Score one for the shareholders. The US Supreme Court ruled today that a long-running securities fraud lawsuit can proceed against the big drugmaker concerning its Vioxx painkiller, which was withdrawn in 2004 over links to heart attacks and strokes following a few years of debate and controversy (here'sthe court ruling by the supremes).
The justices unanimously upheld a ruling by a federal appeals court that found the two-year statute of limitations hadn't run out on the shareholder suits, which were filed in November 2003 alleging Merck misled investors by downplaying studies suggesting Vioxx caused increased cardiovascular risks. In a statement, Merck expressed disappointment.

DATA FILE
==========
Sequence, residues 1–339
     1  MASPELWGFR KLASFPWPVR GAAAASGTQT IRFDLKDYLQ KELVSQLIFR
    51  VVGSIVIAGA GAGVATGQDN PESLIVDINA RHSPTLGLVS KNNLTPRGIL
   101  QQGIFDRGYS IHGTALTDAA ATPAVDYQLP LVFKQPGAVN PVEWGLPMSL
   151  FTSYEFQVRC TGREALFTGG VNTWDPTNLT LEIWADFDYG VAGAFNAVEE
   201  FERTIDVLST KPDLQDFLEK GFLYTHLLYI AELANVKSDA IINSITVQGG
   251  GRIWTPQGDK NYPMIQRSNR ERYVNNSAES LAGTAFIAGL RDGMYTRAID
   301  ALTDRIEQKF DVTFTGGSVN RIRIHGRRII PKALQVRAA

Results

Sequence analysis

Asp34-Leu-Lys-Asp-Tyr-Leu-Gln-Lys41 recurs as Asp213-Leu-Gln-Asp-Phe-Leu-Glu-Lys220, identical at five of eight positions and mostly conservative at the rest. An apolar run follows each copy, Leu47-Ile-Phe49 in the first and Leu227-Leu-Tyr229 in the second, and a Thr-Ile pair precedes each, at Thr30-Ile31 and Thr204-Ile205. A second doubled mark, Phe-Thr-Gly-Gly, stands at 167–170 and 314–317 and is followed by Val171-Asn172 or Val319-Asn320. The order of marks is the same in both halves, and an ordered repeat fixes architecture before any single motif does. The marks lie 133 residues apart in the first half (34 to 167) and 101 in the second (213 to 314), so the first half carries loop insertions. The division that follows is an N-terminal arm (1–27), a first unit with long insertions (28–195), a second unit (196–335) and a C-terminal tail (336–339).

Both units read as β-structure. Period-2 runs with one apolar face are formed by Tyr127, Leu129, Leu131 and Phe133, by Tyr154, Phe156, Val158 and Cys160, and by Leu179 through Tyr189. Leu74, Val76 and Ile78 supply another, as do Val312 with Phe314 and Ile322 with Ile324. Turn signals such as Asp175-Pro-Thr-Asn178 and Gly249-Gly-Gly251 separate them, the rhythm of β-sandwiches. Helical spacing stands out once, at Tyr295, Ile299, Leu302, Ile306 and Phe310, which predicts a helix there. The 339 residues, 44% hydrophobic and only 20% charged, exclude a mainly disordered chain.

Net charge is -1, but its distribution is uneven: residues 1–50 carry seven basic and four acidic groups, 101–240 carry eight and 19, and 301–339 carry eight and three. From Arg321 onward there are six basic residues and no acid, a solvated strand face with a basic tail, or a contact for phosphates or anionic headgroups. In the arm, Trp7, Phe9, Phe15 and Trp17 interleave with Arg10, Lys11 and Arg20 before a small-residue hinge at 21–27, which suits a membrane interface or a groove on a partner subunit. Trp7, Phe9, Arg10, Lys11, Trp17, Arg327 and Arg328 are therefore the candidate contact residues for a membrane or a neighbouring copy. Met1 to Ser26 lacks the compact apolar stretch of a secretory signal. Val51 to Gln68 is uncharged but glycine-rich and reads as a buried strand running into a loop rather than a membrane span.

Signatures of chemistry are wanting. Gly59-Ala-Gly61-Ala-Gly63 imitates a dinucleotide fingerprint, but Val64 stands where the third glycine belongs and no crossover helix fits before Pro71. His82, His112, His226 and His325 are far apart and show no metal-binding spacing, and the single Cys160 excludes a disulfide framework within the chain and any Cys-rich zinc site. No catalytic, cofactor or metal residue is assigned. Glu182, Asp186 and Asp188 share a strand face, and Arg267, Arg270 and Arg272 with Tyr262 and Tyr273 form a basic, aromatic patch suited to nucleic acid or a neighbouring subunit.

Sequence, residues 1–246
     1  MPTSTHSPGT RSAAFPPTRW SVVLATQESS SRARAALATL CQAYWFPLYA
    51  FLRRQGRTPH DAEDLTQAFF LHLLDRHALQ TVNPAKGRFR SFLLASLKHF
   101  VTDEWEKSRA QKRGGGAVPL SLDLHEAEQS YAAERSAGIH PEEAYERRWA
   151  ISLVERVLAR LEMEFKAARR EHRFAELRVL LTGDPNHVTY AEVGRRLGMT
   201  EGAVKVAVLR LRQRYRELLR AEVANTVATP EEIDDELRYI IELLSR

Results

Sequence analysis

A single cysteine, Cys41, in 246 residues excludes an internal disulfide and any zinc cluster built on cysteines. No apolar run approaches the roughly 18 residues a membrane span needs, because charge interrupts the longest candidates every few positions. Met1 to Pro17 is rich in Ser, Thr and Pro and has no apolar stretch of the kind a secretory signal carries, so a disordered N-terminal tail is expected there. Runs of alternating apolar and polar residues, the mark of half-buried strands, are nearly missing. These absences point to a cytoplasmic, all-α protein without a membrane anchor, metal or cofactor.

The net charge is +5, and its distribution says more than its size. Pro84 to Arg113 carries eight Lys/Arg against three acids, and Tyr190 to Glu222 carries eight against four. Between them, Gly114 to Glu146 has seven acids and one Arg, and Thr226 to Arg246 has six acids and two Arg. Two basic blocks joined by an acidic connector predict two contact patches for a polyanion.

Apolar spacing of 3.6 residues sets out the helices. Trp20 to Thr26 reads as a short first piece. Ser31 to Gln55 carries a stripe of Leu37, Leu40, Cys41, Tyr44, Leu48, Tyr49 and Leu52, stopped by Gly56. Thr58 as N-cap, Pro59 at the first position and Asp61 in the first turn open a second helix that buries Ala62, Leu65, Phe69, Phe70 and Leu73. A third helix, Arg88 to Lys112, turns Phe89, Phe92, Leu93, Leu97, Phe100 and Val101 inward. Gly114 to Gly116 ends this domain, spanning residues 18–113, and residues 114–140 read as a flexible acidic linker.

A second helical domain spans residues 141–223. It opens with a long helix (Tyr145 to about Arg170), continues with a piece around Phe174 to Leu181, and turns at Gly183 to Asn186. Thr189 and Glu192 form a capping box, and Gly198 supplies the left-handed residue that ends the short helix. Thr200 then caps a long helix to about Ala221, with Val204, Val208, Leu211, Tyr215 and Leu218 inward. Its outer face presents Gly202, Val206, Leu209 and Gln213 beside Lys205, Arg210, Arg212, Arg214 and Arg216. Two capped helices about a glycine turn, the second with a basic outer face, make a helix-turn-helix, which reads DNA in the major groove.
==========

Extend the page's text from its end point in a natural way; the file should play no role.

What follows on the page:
The time difference is crucial. At issue has been when investors should have known there was possible securities fraud. Merck argued the statute expired by the time lawsuits were filed, so shareholders are out of luck. As an example, they cited an FDA warning letter sent in September 2001 alleging Merck misrepresented Vioxx by minimizing the potential to increase heart attack risks (background). The securities lawsuit is unrelated to the $4.85 billion settlement in 2007 with people who filed personal injury suits.